New Yorkers must do more to save bees
Everyone has had a bee in their bonnet at one point or another over something that annoyed them, or maybe they got so hungry that after class that they made a beeline to Schnipper’s. One may have been told by their grandparents to mind their own beeswax when they became too nosey. Now that the semester has kicked off, everyone is a busy bee in their own way. Putting English sayings and colloquialisms aside, those furry little buzzers contribute to society in a plethora of ways. Bees are more than just insects that kids run away from in the spring and summer or the unsuspecting killers of Thomas in the 1991 American classic My Girl. They have and will continue to do more important work than we ever can or will.
Bees are of critical importance. There are, of course, reasons for this that everyone knows—they help pollinate flowers and they make delicious honey, but these are not the only way bees are beneficial. According to New York Agriculture News, bees helped produce $500 millio n worth of crops in the United States. One can only imagine how many crops they helped yield globally. These include vegetables and fruits like asparagus, cucumbers and watermelons, as well as almonds.
To bees, their honeycombs are a way to store their food supplies for the winter. But for humans, collecting their honeycombs is the first step to having a sweet treat. In 2013, the honey crop was worth an estimated $317.1 million.
New York has an avid beekeeping community with 20 clubs for hobbyists to join. With the increase of these “backyard” beekeepers, the bee population has been kept steady.
For a long time, the fate of the bees was a heavy concern for environmentalists because of how they are a staple not just to wildlife and nature, but also to the economy. Huge farms to small gardens would all suffer without them. For a number of years, Colony Collapse Disorder was seriously affecting the bee population. CCD brought about lower crop yields and less flower pollination and that meant less of the foods that both humans and wildlife eat.
CCD occurs when a majority of the worker bees abandon their queen, which seems to go against their natural instincts. They leave behind younger bees and their honeycomb food supply, leaving the hives, which are not self-sustaining, to eventually die. According to the Environmental Protection Agency, apiaries started noting the high amount of lost hives in 2006 and those numbers remained high until about 2015. While the number of lost hives has gone down in recent years, it still remains high during the wintertime.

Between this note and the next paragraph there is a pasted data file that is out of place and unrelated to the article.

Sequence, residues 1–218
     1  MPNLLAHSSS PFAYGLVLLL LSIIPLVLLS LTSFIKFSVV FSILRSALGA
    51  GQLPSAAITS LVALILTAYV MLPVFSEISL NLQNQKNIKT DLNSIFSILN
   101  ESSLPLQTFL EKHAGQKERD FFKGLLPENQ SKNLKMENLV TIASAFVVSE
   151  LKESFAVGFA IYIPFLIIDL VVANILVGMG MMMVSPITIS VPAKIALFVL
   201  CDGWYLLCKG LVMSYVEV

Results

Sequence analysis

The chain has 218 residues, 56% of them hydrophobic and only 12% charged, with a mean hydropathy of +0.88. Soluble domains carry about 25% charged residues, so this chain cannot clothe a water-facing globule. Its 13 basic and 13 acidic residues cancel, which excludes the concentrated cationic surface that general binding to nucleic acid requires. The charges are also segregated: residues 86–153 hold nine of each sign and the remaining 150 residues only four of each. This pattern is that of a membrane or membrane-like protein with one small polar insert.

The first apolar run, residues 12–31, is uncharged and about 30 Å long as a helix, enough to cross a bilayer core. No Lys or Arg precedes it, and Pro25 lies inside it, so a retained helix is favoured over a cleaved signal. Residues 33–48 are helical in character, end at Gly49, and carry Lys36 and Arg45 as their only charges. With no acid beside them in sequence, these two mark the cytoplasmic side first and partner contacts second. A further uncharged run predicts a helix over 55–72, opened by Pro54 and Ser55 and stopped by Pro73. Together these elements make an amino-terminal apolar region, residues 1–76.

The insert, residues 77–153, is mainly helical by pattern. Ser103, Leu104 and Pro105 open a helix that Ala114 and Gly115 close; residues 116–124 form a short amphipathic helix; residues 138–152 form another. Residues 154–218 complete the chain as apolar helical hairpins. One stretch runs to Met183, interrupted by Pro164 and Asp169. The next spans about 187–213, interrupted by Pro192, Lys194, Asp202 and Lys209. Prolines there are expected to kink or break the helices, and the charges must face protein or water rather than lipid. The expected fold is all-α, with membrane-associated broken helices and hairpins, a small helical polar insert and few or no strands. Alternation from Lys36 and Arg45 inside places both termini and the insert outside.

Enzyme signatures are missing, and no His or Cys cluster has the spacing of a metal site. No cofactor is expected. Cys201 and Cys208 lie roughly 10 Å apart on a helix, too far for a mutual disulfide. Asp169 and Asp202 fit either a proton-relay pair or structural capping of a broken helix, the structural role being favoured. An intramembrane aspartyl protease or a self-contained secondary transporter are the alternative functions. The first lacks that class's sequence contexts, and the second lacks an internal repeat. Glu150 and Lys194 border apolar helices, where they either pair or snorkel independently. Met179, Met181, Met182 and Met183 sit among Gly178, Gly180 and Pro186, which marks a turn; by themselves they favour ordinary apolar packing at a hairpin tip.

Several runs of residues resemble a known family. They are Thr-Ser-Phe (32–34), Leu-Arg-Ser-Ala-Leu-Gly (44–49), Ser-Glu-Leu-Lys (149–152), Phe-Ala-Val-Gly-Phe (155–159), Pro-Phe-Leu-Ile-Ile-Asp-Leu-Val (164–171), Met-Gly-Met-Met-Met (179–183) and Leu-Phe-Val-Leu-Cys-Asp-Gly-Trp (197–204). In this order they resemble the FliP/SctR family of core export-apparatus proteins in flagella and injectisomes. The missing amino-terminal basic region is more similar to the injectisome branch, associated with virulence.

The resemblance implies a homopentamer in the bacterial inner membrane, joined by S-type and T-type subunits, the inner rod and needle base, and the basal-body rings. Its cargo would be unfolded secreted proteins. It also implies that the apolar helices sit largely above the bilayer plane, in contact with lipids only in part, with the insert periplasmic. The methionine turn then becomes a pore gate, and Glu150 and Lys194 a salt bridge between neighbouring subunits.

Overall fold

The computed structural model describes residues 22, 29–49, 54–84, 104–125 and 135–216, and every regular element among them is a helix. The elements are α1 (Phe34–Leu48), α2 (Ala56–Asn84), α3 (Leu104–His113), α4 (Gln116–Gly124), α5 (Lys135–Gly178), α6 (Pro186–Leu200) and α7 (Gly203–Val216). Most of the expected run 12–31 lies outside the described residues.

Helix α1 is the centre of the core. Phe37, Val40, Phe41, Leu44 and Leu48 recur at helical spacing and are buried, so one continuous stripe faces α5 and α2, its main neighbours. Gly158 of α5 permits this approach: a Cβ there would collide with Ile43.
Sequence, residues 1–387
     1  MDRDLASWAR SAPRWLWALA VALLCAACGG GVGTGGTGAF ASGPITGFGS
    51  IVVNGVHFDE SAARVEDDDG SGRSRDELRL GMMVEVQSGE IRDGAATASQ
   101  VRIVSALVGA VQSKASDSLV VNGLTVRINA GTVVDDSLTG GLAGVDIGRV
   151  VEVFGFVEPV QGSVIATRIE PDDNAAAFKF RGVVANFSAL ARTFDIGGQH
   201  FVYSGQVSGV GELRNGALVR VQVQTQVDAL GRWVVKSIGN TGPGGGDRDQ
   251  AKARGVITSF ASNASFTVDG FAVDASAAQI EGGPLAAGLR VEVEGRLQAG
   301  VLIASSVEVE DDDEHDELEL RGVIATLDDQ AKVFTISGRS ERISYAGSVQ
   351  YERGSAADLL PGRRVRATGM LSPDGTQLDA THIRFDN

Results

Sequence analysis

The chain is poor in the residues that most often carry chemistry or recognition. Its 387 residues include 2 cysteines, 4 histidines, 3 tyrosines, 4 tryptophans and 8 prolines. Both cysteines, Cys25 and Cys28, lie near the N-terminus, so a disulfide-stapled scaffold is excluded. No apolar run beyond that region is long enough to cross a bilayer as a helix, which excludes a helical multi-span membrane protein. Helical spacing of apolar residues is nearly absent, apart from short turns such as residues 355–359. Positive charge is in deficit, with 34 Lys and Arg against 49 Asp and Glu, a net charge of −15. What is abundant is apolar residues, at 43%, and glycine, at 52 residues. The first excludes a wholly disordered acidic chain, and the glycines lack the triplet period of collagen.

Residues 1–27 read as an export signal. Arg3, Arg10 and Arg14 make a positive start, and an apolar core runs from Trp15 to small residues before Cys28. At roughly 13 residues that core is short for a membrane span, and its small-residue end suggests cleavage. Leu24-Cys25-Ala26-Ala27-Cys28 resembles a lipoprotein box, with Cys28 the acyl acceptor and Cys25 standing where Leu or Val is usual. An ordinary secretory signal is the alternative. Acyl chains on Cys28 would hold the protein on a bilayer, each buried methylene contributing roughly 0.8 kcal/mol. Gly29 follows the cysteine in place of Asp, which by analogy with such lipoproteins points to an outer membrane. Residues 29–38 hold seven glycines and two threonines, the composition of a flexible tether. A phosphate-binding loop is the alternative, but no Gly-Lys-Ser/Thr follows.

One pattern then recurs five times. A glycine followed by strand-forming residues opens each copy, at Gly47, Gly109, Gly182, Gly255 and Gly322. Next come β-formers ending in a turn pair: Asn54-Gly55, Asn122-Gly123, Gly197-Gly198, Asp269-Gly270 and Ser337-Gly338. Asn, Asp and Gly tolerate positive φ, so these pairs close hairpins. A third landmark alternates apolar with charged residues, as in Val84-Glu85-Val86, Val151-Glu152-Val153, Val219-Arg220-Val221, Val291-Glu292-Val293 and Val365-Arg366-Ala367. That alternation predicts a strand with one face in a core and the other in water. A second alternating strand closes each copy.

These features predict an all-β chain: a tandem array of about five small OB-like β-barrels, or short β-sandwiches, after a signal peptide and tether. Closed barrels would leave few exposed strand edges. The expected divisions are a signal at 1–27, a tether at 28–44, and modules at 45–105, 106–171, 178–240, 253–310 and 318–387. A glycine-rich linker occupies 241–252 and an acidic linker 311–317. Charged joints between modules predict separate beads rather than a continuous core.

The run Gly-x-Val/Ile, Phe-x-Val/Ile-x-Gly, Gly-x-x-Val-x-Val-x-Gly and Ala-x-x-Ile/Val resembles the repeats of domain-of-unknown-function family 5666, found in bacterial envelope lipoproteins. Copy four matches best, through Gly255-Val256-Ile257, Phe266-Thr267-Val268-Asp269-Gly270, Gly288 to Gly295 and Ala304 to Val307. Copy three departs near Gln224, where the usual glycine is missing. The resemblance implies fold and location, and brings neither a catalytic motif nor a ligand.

The causes of CCD have not been hammered down specifically, although multiple theories do exist. These include problems with the invasive species varroa mite, new diseases like Israeli Acute Paralysis, pesticide poisoning and habitat destruction. Then there exists the fact that bee colonies are actually moved around the country, which can cause harmful stress. These problems are exacerbated by different states’ apiary inspection programs, which are not always up to par with the standards needed to keep bees healthy, let alone happy.
It is clear that bees are important to the planet. There is so much that New Yorkers can do to help and support their local beekeepers and bee population. After being outlawed in 1999, beekeeping became legal again in 2010 and anyone with a serious interest in it should join one of the clubs. In 2014, Yahoo! News reported on the popularity of “office hives,” which is a uniquely urban type of wildlife supported by everyday New Yorkers who register with the Department of Health.
You can enroll in a beekeeper-training program at places like the Brooklyn Grange Farm and work your way up to managing local hives for places like The Best Bees Company.
If one does not want to have so much of a hands-on approach, it is always helpful to spread the word about why bees are so important. Conserving bees is as important as protecting endangered species or saving the rainforest.
Maybe next time, instead of swatting at a bee, the friends you educate will simply let the bees go about their very important business.
Is that not just the bee’s knees?